This tutorial is about a technique I discovered almost accidentally when I was testing different ways to knit nupps. At some point, it seemed fun to try and make them in a different colour.
The result was very interesting. Little colourful nupps turned simple stockinette stitch into a beautifully textured polka dot creation. This effect can be used in many various ways, especially in projects made for kids.
Imagine a plain red hat with little white nupps scattered all around. It will look like a strawberry! One red nupp added to a pocket will definitely resemble a ladybug and a cluster of purple nupps – grapes. There are so many creative ideas we can easily realise with the help of the little colourful nupps.
The best part – it is not complicated to add them to any project worked in any stitch pattern. Because nupps are worked on one stitch, you can introduce them to your project without adjusting the pattern in any way. Simply make a nupp wherever you want with whatever colour you like.
HERE’S HOW TO DO IT STEP BY STEP:
1. In a right side row, work to the spot where you plan to make a nupp.
2. Pick up yarn in a contrasting colour and use it as your working yarn. There is no need to attach it to your knitting in some special way. Simply leave a small tail (around 5cm / 2″ long) and start making a nupp as follows:
Knit the next stitch, but don’t slip the original stitch off the left needle yet.
[Make a yarn over. Now insert the right needle into the same stitch on the left needle and knit another stitch from it = 2 more loops added to the right needle.]
Repeat instructions in the brackets two more times until you have 7 loops coming from the same stitch that is still on your left needle. Here’s how to do it.
Make the stitches and yarn overs quite loose, and make sure they lay flat on the right needle and do not cross.
Generally, nupps are made with 7 loops, but you can also make them smaller with only 5 loops. Or, you can make them puffier with as many as 11 loops. This way you will change the look of the nupp. The ones knit with 5 loops will be smaller, while the ones knit with 11 loops will be bigger.
Keep in mind though that more loops are harder to knit together (we’ll get to that a bit later), so if you feel frustrated by knitting bigger nupps, stay with the classic-seven-loops version.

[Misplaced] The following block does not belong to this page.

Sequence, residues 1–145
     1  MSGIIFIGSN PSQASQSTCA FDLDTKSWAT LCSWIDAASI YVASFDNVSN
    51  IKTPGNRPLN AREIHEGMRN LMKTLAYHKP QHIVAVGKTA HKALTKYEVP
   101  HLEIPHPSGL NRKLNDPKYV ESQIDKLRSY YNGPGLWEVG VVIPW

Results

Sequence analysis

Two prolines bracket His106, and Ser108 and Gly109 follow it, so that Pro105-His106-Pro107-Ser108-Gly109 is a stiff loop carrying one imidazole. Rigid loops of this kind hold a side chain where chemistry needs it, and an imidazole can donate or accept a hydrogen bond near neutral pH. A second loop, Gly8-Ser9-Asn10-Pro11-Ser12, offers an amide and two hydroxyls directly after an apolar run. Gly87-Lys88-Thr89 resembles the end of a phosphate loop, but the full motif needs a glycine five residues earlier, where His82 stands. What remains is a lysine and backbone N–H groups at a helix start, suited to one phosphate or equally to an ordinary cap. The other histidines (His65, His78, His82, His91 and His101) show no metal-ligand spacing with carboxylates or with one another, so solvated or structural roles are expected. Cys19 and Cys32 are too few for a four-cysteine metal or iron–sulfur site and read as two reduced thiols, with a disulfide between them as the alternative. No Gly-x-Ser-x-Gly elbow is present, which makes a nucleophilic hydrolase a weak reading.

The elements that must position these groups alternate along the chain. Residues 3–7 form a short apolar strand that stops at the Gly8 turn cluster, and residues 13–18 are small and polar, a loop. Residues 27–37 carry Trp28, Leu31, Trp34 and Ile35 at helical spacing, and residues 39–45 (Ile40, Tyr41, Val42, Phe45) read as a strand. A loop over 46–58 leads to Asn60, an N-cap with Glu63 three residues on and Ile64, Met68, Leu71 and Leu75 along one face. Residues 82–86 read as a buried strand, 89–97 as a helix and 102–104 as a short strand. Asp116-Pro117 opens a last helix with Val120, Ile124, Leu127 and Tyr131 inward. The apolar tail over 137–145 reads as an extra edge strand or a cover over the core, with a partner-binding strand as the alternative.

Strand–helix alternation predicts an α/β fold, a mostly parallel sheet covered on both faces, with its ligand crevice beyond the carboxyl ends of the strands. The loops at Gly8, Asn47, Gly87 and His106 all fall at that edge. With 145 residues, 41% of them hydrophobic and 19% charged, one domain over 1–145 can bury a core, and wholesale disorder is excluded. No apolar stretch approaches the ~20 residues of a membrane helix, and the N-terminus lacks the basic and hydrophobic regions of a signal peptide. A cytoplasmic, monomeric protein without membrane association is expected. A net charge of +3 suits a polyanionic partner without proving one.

3. Drop the original stitch from the left needle.
4. Now insert the left needle from left to right into the 7 loops of the nupp so that the left needle is at the front of the right needle. Without taking the right needle out, wrap it with the yarn (we still use the yarn in a contrasting colour!) and knit 7 loops together through the back loop. Click here to watch this step.
5. Cut the yarn in a contrasting colour leaving a 5cm / 2″ tail at the back of the work.
6. Pick up the yarn in the main colour and continue to work in pattern until you get to the next spot where you plan to add a nupp.
Because the yarn we used to make the nupp is not attached to the working yarn, the nupp will look a bit messy, especially after you work a few more rows. You can clearly see it in the photo below:
Besides, for that same reason a nupp can unravel if it gets pulled (even if it gets pilled by curious little fingers :-). We can’t let that happen, right?
Here’s what we should do to prevent these issues, and to take care of the tails that are now hanging at the back of the nupp:
1. Turn the work to the wrong side.
2. Pull each yarn tail a bit to shape the nupp and make it more uniform. Here’s how.
3. Now tie both tails with a square knot.
4. For a perfect look, weave in each tail within the nupp. I personally, don’t find it necessary. Simply cutting the tails works just fine and saves quite a few precious minutes 🙂
Here’s how the back of my swatch looks with tails tied and cut:
That’s it – now you know a fun way to make unique colourful projects.
If you enjoyed this tutorial,
here’s something else you might find helpful:
“Matching Cast Ons and Bind Offs” Book
Discover six pairs of cast on and bind off methods that form identical edges on projects worked flat and in the round.
“Neat Side Edges” Book
Learn twelve ways to make side edges of a knitted project nice and tidy. Plus, ways to fix side edges, and a way to improve edges of finished projects.
Dealing with Unfinished Projects
Dictionary of Knitting Symbols and Abbreviations – E-Book
Eastern (Russian) Knitting Simplified
How to Shape Neckline Without Binding Off Stitches – E-Book